Here’s some information on how alcohol might help and hurt, so you can better decide if any amount is right for you. Use this to start a conversation with your doctor, which should include a review of your own health history:

Alcohol Can Boost "Good" Cholesterol

It’s probably the best-known substance to raise HDL levels, which can be important for people who tend to have low HDL to start with, and it might be the reason that moderate alcohol consumers seem to be at less risk for cardiovascular disease.

One drink a day have been shown to increase HDL cholesterol by about 12 percent; and that extra HDL isn’t just hanging around — it seems to help remove LDL (“bad” cholesterol), helping to keep arteries clear and free of clogging plaque. And you don’t need to drink red wine to get the cholesterol-boosting benefit, either; any kind of alcohol appears to be helpful.

Alcohol Can Reduce — or Increase — Inflammation

Diseases as varied as diabetes, Alzheimer’s, Lupus, and cancer are being linked to chronic inflammation — a constant low-grade immune state. Alcohol has the ability to suppress or reduce inflammation to a degree.

A small trial indicated that consuming moderate amounts of alcohol was useful for reducing C-reactive protein, which is produced by the liver and is an indicator of inflammation and a predictor of heart trouble. But there’s a catch: When you start increasing your intake beyond moderation, drinking can contribute to inflammation. Therefore, this is really just telling you that an occasional spirit is not going to increase your risk for these diseases, and if you have a genetic history for them, an occasional spirit may actually be good for you.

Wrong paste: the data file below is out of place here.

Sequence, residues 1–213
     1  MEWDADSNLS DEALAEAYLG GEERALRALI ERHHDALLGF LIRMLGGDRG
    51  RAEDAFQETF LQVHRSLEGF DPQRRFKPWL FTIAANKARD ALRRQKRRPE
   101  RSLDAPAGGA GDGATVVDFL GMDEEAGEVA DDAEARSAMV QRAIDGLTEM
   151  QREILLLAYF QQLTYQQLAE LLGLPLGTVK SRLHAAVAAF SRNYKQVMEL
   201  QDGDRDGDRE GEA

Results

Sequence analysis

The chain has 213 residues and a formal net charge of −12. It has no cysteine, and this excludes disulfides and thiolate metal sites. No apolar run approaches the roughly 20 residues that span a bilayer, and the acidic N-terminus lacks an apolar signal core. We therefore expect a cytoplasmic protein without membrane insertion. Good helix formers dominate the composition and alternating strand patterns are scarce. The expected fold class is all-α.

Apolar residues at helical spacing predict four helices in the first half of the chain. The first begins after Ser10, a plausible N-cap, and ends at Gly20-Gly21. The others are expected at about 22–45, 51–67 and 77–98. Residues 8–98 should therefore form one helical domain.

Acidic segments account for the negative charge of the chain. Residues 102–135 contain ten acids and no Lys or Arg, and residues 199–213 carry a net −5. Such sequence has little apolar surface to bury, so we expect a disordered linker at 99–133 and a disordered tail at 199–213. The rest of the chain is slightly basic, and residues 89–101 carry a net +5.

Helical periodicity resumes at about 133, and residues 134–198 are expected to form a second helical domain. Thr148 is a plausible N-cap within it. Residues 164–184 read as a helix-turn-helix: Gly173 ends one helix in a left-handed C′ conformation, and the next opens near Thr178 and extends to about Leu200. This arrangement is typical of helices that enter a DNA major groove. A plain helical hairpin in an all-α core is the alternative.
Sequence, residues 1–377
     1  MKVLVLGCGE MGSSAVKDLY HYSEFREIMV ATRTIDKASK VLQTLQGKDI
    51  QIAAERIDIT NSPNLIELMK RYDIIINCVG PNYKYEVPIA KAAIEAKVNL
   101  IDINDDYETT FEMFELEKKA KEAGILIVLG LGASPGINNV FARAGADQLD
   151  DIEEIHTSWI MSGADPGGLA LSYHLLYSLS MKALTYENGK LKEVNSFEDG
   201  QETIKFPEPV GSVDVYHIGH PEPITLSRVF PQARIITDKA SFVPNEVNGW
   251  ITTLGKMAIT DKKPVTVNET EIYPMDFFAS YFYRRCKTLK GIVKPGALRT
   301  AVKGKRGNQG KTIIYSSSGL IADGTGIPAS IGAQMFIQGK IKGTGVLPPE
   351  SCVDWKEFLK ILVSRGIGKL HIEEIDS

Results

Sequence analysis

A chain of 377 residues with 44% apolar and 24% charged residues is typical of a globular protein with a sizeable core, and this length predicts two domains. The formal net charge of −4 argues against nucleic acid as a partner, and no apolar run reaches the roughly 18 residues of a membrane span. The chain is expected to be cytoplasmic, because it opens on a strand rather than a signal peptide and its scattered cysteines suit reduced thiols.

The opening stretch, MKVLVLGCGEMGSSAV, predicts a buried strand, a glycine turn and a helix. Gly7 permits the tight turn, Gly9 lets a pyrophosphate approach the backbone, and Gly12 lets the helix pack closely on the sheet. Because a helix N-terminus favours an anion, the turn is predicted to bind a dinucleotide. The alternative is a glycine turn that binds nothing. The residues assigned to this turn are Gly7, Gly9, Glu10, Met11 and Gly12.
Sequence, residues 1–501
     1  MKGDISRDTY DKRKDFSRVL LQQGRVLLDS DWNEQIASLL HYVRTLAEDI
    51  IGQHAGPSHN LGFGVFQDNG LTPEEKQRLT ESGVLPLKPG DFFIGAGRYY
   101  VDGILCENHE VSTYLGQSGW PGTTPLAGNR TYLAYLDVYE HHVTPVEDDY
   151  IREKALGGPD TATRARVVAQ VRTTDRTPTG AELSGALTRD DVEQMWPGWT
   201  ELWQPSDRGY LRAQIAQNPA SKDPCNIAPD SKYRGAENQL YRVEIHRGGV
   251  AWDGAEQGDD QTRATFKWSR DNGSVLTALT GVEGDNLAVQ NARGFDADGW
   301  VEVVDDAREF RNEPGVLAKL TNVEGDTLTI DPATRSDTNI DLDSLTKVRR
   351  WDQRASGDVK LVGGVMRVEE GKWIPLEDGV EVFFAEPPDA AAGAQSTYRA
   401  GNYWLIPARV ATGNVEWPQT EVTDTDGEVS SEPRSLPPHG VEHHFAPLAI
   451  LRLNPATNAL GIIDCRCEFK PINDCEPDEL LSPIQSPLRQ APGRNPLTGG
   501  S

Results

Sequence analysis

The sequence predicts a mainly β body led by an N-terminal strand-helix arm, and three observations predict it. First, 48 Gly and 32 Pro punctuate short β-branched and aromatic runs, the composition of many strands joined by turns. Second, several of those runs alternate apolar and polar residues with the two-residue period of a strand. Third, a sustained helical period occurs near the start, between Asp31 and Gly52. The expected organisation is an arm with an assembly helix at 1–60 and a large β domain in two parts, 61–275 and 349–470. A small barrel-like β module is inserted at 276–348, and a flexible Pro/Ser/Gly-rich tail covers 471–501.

Alcohol is Linked to Cancer

Drinking increases the risk of some types of cancer, including those of the mouth, head, neck, esophagus, liver, colon, rectum, and breast. There are many ways that alcohol may promote some cancers. As our bodies metabolize the ethanol in alcohol, it breaks down to acetaldehyde, a chemical that may damage DNA. Alcohol irritates tissues in the mouth, throat, colon, rectum, and liver; it also reduces levels of beneficial vitamins and adds extra weight.

Alcohol may influence breast cancer by increasing levels of estrogen and other hormones in the body. In fact, each drink per day is associated with a 10- to 12-percent increased risk of female breast cancer, and drinking less is one simple way women can reduce their risk of the disease. On the other hand, drinking is associated with a lower risk for two kinds of cancer — non-Hodgkin lymphoma and renal cell (kidney) cancer — another indication of just how confusing this subject can be. But be aware that all alcohol has sugar, and too much sugar is linked with diabetes and belly weight — which is connected with higher health risks. Bottom line, daily drinking should not be your goal.

Alcohol Affects Your Brain Health

Moderate consumption could give your brain a boost and even reduce your risk for dementia. That’s what a large review of 23 long-term studies of people 65 and older found. Light-to-moderate drinkers also seemed to have fewer depression symptoms and better thinking and memory skills.